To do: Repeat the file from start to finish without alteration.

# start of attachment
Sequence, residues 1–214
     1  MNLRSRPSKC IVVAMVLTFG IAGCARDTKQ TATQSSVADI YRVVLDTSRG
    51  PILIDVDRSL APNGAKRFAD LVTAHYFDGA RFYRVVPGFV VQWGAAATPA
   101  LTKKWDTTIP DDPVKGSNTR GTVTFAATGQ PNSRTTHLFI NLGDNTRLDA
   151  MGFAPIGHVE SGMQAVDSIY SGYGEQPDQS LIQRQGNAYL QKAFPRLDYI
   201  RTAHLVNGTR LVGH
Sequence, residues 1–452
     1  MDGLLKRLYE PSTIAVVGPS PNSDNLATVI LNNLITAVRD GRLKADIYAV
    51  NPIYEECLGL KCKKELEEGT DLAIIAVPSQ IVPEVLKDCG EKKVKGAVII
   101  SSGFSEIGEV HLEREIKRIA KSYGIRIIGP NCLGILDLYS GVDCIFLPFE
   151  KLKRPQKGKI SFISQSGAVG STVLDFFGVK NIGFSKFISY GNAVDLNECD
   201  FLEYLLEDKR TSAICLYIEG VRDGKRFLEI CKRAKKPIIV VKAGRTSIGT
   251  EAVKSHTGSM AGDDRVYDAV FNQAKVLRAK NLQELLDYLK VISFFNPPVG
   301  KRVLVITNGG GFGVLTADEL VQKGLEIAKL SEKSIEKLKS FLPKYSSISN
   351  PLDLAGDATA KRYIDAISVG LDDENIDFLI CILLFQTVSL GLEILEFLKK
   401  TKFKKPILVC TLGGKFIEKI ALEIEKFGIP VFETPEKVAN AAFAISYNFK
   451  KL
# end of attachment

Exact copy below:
Sequence, residues 1–214
     1  MNLRSRPSKC IVVAMVLTFG IAGCARDTKQ TATQSSVADI YRVVLDTSRG
    51  PILIDVDRSL APNGAKRFAD LVTAHYFDGA RFYRVVPGFV VQWGAAATPA
   101  LTKKWDTTIP DDPVKGSNTR GTVTFAATGQ PNSRTTHLFI NLGDNTRLDA
   151  MGFAPIGHVE SGMQAVDSIY SGYGEQPDQS LIQRQGNAYL QKAFPRLDYI
   201  RTAHLVNGTR LVGH
Sequence, residues 1–452
     1  MDGLLKRLYE PSTIAVVGPS PNSDNLATVI LNNLITAVRD GRLKADIYAV
    51  NPIYEECLGL KCKKELEEGT DLAIIAVPSQ IVPEVLKDCG EKKVKGAVII
   101  SSGFSEIGEV HLEREIKRIA KSYGIRIIGP NCLGILDLYS GVDCIFLPFE
   151  KLKRPQKGKI SFISQSGAVG STVLDFFGVK NIGFSKFISY GNAVDLNECD
   201  FLEYLLEDKR TSAICLYIEG VRDGKRFLEI CKRAKKPIIV VKAGRTSIGT
   251  EAVKSHTGSM AGDDRVYDAV FNQAKVLRAK NLQELLDYLK VISFFNPPVG
   301  KRVLVITNGG GFGVLTADEL VQKGLEIAKL SEKSIEKLKS FLPKYSSISN
   351  PLDLAGDATA KRYIDAISVG LDDENIDFLI CILLFQTVSL GLEILEFLKK
   401  TKFKKPILVC TLGGKFIEKI ALEIEKFGIP VFETPEKVAN AAFAISYNFK
   451  KL